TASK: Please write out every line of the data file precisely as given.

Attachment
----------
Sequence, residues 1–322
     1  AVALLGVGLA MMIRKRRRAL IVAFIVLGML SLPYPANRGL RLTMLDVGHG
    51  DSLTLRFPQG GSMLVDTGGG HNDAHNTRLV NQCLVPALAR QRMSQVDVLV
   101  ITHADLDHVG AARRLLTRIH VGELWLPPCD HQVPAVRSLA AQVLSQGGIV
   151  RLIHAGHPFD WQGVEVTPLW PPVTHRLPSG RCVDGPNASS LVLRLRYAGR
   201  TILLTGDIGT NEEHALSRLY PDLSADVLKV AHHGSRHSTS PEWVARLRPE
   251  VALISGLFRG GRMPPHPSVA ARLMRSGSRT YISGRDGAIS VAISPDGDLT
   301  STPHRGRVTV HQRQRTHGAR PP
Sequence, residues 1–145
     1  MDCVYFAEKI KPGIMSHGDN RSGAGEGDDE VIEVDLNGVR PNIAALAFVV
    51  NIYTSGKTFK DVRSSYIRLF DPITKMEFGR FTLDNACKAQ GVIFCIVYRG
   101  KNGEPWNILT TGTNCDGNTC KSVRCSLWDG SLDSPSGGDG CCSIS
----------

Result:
Sequence, residues 1–322
     1  AVALLGVGLA MMIRKRRRAL IVAFIVLGML SLPYPANRGL RLTMLDVGHG
    51  DSLTLRFPQG GSMLVDTGGG HNDAHNTRLV NQCLVPALAR QRMSQVDVLV
   101  ITHADLDHVG AARRLLTRIH VGELWLPPCD HQVPAVRSLA AQVLSQGGIV
   151  RLIHAGHPFD WQGVEVTPLW PPVTHRLPSG RCVDGPNASS LVLRLRYAGR
   201  TILLTGDIGT NEEHALSRLY PDLSADVLKV AHHGSRHSTS PEWVARLRPE
   251  VALISGLFRG GRMPPHPSVA ARLMRSGSRT YISGRDGAIS VAISPDGDLT
   301  STPHRGRVTV HQRQRTHGAR PP
Sequence, residues 1–145
     1  MDCVYFAEKI KPGIMSHGDN RSGAGEGDDE VIEVDLNGVR PNIAALAFVV
    51  NIYTSGKTFK DVRSSYIRLF DPITKMEFGR FTLDNACKAQ GVIFCIVYRG
   101  KNGEPWNILT TGTNCDGNTC KSVRCSLWDG SLDSPSGGDG CCSIS